Whether you have a Will or not, upon death your Executors or Representative may need to apply to the Government for permission to share out your estate. The Government department which deals with this is known as the Probate Registry.
If there is a Will, your Executors apply for a Grant of Probate and if there is no Will, your Representative applies for a Grant of Representation.
Either way, this will generally be necessary if the deceased:
- Owned land or property in their sole name or jointly as a tenant-in-common with others; and/or
- Held greater than approximately £25,000* in any bank or building society account in their sole name; and/or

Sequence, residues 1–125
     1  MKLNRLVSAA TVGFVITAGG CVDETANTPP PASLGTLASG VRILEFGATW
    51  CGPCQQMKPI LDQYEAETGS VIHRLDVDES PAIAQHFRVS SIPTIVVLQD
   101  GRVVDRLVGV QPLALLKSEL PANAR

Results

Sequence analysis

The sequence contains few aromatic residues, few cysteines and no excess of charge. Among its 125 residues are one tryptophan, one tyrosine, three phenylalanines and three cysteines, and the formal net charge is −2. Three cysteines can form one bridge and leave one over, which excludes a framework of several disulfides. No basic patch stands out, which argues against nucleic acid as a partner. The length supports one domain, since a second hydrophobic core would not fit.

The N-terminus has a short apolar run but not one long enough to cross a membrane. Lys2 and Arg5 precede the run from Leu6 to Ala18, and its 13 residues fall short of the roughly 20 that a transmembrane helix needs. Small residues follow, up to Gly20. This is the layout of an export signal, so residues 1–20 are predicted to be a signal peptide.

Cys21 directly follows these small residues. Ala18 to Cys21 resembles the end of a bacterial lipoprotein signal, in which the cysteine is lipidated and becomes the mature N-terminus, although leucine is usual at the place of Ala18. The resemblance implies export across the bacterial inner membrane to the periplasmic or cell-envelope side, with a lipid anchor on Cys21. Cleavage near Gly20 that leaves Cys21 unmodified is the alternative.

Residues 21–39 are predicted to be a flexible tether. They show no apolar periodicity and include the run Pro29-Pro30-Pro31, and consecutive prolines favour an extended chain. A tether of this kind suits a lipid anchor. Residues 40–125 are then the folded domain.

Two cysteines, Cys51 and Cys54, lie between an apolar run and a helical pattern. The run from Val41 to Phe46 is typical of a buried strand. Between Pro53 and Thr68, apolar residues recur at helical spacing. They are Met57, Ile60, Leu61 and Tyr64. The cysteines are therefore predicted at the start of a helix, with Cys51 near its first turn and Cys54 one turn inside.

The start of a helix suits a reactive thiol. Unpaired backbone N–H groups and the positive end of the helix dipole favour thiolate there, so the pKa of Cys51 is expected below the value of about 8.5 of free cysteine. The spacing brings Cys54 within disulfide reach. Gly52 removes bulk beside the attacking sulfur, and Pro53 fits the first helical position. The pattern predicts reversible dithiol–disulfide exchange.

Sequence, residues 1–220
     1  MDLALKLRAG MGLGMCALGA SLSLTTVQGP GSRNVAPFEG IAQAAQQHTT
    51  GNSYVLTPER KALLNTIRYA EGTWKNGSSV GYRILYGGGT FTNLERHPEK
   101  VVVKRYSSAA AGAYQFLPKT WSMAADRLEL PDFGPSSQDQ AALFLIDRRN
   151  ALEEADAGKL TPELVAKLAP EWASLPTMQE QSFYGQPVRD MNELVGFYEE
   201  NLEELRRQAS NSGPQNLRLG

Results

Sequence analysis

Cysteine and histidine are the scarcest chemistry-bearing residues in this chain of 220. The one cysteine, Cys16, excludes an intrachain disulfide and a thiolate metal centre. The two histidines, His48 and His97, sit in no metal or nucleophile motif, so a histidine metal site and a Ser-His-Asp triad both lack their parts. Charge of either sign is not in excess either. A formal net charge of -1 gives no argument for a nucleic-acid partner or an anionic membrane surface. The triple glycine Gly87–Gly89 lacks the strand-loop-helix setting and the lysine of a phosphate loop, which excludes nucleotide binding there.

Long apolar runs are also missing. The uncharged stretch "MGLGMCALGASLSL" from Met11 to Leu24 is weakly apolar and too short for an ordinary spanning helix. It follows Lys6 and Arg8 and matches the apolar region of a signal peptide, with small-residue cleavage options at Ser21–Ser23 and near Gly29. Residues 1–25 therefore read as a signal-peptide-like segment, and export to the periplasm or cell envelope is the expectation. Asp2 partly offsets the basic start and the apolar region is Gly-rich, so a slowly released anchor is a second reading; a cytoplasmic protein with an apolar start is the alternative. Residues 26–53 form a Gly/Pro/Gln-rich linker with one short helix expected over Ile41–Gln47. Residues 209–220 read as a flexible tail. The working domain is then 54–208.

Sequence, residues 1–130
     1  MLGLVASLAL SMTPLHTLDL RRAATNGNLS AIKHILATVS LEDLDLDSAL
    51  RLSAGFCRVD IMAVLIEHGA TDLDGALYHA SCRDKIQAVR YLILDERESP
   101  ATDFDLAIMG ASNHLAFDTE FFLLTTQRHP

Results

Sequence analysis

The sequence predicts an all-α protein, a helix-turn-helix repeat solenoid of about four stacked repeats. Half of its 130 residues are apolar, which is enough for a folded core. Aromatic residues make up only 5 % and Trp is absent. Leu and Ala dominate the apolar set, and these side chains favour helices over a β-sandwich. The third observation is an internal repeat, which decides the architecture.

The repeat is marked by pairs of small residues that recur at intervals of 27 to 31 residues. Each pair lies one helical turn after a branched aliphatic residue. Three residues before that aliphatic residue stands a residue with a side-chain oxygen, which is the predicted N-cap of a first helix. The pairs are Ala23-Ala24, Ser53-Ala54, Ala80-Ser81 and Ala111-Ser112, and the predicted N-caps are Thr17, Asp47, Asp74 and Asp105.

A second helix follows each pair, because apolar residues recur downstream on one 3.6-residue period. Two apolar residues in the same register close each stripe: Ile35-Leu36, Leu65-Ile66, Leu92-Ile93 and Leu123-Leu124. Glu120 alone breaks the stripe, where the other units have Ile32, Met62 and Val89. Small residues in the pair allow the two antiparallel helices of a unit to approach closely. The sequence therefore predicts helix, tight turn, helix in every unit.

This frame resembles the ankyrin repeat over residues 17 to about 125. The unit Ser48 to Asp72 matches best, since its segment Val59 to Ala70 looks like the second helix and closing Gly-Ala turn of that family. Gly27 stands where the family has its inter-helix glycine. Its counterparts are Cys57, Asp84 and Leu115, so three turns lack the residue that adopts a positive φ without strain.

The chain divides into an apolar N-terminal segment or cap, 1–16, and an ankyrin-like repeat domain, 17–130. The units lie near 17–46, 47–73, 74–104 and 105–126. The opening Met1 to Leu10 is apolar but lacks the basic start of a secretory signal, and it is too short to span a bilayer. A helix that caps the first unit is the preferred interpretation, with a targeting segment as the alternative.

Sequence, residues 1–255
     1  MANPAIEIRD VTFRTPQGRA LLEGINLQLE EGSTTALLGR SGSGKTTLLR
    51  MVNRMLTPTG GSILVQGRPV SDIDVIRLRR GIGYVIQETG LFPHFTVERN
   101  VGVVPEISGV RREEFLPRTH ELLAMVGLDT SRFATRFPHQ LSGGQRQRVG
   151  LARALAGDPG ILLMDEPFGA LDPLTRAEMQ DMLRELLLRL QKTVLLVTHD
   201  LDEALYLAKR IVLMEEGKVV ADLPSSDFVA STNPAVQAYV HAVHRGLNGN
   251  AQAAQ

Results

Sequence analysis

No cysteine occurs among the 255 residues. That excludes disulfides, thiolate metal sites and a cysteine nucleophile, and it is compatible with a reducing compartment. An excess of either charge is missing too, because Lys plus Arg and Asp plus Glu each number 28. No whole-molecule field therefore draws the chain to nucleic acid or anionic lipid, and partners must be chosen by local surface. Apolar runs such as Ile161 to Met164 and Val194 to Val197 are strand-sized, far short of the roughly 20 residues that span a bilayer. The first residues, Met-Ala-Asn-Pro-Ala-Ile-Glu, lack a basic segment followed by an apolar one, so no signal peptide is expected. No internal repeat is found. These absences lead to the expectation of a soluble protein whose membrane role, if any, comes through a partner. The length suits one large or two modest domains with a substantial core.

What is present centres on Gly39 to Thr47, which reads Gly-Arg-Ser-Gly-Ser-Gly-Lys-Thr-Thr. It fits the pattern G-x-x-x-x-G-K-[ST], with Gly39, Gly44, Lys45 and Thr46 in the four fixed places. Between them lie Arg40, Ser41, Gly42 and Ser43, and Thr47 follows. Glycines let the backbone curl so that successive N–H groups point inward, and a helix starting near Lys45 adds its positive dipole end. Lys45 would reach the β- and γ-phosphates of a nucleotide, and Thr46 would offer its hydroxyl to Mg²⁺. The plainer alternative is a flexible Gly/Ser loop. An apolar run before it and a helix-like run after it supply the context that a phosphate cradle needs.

- Held greater than approximately £10,000* in any one shareholding; and/or
- Held a significant amount within another form of saving or investment vehicle (e.g. Premium Bonds, ISAs, etc.) in their sole name.
*Figures vary between different banks, building societies, shareholdings and Investment Companies.
Some Executors/Representatives are sufficiently confident to apply for a Grant directly to the Probate Registry. However, people often naturally gravitate towards either a solicitor or a legal services company (e.g. Co-op Legal Services). They believe these are the only option available and very often unnecessarily pay thousands of pounds in fees as a result.
A Probate Guidance Service, such as the one provided by TRF
achieves the exact same outcome for a fraction of the price. As a result, there is more money left within the deceased’s estate to distribute to their beneficiaries.